Persistence top

The early-bird price of the new Learn Spring Data JPA course is increasing by $35 next Friday:


1. Overview

Spring Data JPA queries, by default, are case-sensitive. In other words, the field value comparisons are case-sensitive.

In this tutorial, we'll explore how to quickly create a case insensitive query in a Spring Data JPA repository.

2. Dependencies

Firstly, let's make sure we have Spring Data and H2 database dependencies in our pom.xml:


The latest versions of these are available on Maven Central.

3. Initial Setup

Let's say we have a Passenger entity with id, firstName, and lastName attributes:

class Passenger {
    @Column(nullable = false)
    private Long id;
    @Basic(optional = false)
    @Column(nullable = false)
    private String firstName;
    @Basic(optional = false)
    @Column(nullable = false)
    private String lastName;
    // constructor, static factory, getters, setters

Also, let's prepare our test class by populating the database with some sample Passenger data:

public class PassengerRepositoryIntegrationTest {

    private EntityManager entityManager;
    private PassengerRepository repository;

    public void before() {
        entityManager.persist(Passenger.from("Jill", "Smith"));
        entityManager.persist(Passenger.from("Eve", "Jackson"));
        entityManager.persist(Passenger.from("Fred", "Bloggs"));
        entityManager.persist(Passenger.from("Ricki", "Bobbie"));
        entityManager.persist(Passenger.from("Siya", "Kolisi"));

4. IgnoreCase for Case Insensitive Queries

Now, suppose we want to perform a case-insensitive search to find all passengers with a given firstName.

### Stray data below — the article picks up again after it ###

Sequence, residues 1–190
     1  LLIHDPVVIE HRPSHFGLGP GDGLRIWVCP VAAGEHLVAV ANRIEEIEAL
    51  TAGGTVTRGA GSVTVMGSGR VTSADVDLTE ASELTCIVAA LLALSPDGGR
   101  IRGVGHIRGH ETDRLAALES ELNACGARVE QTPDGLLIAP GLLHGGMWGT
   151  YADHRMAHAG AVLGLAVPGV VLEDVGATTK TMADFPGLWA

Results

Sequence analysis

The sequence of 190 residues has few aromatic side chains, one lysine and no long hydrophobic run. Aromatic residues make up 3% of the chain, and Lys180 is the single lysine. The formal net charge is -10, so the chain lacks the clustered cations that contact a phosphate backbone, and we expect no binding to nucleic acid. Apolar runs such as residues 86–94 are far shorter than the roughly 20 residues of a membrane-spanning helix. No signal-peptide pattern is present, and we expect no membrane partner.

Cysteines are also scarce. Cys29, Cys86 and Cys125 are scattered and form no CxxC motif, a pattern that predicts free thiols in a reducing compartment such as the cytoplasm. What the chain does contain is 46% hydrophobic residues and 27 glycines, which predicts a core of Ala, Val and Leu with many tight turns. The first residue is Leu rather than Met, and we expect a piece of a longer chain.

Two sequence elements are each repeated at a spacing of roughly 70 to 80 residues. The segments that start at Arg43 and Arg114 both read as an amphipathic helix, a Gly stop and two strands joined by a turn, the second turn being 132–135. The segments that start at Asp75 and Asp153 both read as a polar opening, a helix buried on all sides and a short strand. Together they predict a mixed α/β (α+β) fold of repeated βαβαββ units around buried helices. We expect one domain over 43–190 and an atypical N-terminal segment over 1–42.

To do so, we'll define our PassengerRepository as:

public interface PassengerRepository extends JpaRepository<Passenger, Long> {
    List<Passenger> findByFirstNameIgnoreCase(String firstName);

Here, the IgnoreCase keyword ensures that the query matches are case insensitive.

We can also test that out with the help of a JUnit test:

public void givenPassengers_whenMatchingIgnoreCase_thenExpectedReturned() {
    Passenger jill = Passenger.from("Jill", "Smith");
    Passenger eve = Passenger.from("Eve", "Jackson");
    Passenger fred = Passenger.from("Fred", "Bloggs");
    Passenger siya = Passenger.from("Siya", "Kolisi");
    Passenger ricki = Passenger.from("Ricki", "Bobbie");

    List<Passenger> passengers = repository.findByFirstNameIgnoreCase("FrED");

    assertThat(passengers, contains(fred));
    assertThat(passengers, not(contains(eve)));
    assertThat(passengers, not(contains(siya)));
    assertThat(passengers, not(contains(jill)));
    assertThat(passengers, not(contains(ricki)));

Despite having passed “FrED” as the argument, our returned list of passengers contains a Passenger with the firstName as “Fred”. Clearly, with the help of the IgnoreCase keyword, we have achieved a case insensitive match.

5. Conclusion

In this quick tutorial, we learned how to create a case insensitive query in a Spring Data repository.

Finally, code examples are available over on GitHub.

Persistence bottom

The early-bird price of the new Learn Spring Data JPA course is increasing by $35 next Friday:

Comments are closed on this article!